Joseph Mallord William Turner Vignette Study for Moore’s ‘The Epicurean’; Sky for ‘The Nile’ c.1837–8

Artwork details

Artist
Title
Vignette Study for Moore’s ‘The Epicurean’; Sky for ‘The Nile’
Date c.1837–8
Medium Graphite and watercolour on paper
Dimensions Support: 228 x 179 mm
Collection
Tate
Acquisition Accepted by the nation as part of the Turner Bequest 1856
Reference
D27599
Turner Bequest CCLXXX 82
View this artwork by appointment, at Tate Britain's Prints and Drawings Rooms

Catalogue entry

This dazzling study of a sun setting over water has been identified by Jan Piggott as a preliminary sketch for The Nile, circa 1838 (untraced),1 one of four vignette illustrations which Turner produced for John Macrone’s 1839 edition of Thomas Moore’s The Epicurean, a Tale: and Alciphron, a Poem. The finished watercolour was engraved by Edward Goodall and published to accompany Moore’s fantastical prose tale, The Epicurean.2
The study stands in stark contrast to Turner’s other sketches for Moore’s tale, which tend to be executed in pencil and pale pastel watercolour washes (for example, see Turner’s other study for The Nile, Tate D27630; Turner Bequest CCLXXX 113). The brilliant palette and bold composition of this study link it to another work in the Bequest, which is also thought to be a preparatory study for Moore’s tale (see Tate D27599; Turner Bequest CCLXXX 82).3 The similar execution of these two works suggests that they were almost certainly produced at around the same time and for the same project. Both studies were previously identified with Turner’s illustrations to Campbell’s Poetical Works, published by Moxon in 1837.4 However, the 1837 watermark on Pharos discounts this identification, since Turner finished his illustrations for Campbell’s Works no later than 1836.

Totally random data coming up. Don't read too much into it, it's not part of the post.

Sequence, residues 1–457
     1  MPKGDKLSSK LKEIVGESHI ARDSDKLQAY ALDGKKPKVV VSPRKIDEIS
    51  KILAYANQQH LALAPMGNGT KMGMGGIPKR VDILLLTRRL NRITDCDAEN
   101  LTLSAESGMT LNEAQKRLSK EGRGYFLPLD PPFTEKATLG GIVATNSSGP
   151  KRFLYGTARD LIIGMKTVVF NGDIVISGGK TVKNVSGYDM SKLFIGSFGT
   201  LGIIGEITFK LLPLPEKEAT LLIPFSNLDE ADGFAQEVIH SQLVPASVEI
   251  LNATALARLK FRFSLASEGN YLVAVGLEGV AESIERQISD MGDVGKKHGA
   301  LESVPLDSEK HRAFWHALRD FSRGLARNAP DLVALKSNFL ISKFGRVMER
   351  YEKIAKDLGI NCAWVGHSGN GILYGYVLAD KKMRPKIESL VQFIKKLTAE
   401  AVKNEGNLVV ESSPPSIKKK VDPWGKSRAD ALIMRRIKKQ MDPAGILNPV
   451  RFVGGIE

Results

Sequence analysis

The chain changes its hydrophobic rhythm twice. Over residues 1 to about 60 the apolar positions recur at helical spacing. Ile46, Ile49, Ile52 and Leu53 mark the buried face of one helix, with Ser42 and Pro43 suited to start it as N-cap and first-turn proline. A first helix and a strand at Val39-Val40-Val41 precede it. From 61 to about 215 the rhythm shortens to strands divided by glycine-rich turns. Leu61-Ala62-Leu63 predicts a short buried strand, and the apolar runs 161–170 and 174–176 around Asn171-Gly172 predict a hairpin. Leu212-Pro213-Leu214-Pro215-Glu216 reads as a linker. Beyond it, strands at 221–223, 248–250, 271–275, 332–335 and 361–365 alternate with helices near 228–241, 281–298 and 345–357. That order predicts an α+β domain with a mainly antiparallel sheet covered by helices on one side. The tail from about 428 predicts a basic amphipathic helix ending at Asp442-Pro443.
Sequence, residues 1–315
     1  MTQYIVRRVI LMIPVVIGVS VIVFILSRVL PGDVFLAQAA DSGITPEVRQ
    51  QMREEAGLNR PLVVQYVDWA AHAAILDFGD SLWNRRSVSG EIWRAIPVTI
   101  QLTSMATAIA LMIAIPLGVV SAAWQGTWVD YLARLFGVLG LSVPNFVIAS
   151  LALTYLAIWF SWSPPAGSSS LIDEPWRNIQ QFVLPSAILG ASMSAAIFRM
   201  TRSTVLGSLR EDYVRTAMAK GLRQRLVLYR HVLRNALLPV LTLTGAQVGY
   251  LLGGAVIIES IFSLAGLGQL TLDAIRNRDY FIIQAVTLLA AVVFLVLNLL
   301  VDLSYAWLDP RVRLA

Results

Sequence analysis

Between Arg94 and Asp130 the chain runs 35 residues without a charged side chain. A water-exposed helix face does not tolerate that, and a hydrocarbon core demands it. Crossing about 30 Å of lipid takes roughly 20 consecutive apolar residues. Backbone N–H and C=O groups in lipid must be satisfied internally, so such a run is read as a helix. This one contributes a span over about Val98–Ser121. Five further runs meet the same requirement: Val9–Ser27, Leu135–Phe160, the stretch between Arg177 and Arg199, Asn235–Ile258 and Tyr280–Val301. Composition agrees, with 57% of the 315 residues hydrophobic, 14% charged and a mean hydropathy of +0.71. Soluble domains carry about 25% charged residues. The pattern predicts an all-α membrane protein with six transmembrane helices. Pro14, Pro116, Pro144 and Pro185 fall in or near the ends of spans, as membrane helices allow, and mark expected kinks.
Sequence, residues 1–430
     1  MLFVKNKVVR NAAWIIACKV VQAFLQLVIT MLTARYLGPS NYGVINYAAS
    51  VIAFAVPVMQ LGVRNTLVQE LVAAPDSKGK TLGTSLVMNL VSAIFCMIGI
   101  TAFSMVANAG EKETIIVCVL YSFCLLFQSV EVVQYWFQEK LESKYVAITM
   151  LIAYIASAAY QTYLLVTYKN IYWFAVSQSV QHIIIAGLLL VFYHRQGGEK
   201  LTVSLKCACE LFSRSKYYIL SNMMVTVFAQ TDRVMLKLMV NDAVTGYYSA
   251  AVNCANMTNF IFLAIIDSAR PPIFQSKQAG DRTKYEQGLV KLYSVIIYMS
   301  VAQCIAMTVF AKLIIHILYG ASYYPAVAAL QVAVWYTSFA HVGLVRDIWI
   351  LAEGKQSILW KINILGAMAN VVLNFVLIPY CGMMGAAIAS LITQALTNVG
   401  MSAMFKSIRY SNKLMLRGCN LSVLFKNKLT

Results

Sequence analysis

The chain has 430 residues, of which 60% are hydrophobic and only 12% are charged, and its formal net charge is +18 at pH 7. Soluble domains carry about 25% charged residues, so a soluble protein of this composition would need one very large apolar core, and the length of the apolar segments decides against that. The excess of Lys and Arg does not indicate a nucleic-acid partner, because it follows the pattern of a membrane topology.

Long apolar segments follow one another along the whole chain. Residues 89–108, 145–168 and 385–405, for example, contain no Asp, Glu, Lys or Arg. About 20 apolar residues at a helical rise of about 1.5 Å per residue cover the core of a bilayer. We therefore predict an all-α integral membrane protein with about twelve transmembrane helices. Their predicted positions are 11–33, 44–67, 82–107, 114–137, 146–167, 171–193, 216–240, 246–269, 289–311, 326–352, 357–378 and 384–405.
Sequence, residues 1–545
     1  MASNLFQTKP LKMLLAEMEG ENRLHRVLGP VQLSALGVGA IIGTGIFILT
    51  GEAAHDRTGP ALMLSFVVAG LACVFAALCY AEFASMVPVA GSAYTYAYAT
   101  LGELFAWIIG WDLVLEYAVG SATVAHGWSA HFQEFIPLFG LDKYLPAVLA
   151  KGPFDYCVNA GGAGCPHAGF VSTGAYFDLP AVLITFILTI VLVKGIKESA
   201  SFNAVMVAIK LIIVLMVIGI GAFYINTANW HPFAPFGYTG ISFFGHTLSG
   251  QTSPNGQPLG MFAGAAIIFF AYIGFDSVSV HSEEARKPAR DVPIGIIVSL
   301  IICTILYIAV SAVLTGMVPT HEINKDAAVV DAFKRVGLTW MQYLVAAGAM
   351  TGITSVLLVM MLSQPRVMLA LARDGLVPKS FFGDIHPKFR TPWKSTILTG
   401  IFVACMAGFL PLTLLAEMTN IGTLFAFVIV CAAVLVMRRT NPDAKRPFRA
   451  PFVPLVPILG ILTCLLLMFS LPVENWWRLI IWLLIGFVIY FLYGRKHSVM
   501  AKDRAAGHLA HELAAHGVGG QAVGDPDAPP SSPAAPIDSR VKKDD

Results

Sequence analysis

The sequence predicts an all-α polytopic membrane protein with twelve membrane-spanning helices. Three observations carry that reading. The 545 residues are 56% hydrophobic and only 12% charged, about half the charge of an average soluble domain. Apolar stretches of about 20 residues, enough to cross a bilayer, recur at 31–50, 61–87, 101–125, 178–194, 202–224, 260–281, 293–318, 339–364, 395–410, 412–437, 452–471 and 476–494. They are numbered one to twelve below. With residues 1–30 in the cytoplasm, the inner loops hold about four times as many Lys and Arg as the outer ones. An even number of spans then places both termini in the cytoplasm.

The vibrant palette of both studies is particularly striking given that the illustrations were designed to be translated into monochrome engravings. Turner often deliberately employed bright colours in order to encourage his engravers to translate the spirit and effects of his compositions.5 His use of large areas of contrasting colour would have helped engravers to convert the tonal aspects of the composition into black and white.6
1
Andrew Wilton, The Life and Work of J.M.W. Turner, Fribourg 1979, p.456, no.1300; Piggott 1993, p.96.
2
W.G. Rawlinson, The Engraved Work of J.M.W. Turner, R.A., vol.II, London 1913, no.636. There is one impression in Tate’s collection (T06624); Thomas Moore, The Epicurean, a Tale: and Alciphron, a Poem, London 1839, reproduced between pp.152–3.
3
Lyles and Perkins 1989, p.78.
4
Martin Butlin and Evelyn Joll, The Paintings of J.M.W. Turner, revised ed., New Haven and London 1984, p.101.
5
Wilton 1977, p.14.
6
Lyles and Perkins 1989, p.78.
Technical notes:
Watermark ‘SE & Co. 1837’
Verso:
Inscribed by an unknown hand in pencil ‘CCLXXX 82’ bottom right

Meredith Gamer
August 2006

About this artwork